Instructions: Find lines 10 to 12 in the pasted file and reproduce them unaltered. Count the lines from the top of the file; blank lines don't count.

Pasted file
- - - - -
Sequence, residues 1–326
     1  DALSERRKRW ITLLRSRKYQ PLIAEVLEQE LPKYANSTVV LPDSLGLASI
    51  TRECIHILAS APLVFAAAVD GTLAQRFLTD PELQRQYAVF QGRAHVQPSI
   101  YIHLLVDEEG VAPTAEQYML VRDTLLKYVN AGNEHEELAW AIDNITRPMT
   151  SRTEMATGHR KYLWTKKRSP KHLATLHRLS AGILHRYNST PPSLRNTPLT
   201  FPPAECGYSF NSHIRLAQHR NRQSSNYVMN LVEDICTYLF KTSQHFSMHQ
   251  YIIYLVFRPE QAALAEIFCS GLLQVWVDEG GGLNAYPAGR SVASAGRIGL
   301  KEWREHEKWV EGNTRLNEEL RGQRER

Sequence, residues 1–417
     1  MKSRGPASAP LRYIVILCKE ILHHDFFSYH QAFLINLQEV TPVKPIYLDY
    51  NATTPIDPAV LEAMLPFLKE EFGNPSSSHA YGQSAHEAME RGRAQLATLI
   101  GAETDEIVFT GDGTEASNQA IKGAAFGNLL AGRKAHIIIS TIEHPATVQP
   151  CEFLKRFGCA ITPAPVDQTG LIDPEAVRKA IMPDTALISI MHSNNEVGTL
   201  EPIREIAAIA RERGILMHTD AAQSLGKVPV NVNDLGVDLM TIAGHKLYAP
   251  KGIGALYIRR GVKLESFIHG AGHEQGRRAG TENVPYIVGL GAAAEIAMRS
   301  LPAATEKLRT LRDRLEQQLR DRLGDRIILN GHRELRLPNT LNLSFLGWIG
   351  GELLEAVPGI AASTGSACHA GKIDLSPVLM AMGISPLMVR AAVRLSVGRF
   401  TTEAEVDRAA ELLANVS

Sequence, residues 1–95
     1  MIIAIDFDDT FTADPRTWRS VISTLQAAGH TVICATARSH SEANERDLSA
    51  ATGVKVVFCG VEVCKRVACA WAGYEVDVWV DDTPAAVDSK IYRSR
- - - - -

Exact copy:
     1  MKSRGPASAP LRYIVILCKE ILHHDFFSYH QAFLINLQEV TPVKPIYLDY
    51  NATTPIDPAV LEAMLPFLKE EFGNPSSSHA YGQSAHEAME RGRAQLATLI
   101  GAETDEIVFT GDGTEASNQA IKGAAFGNLL AGRKAHIIIS TIEHPATVQP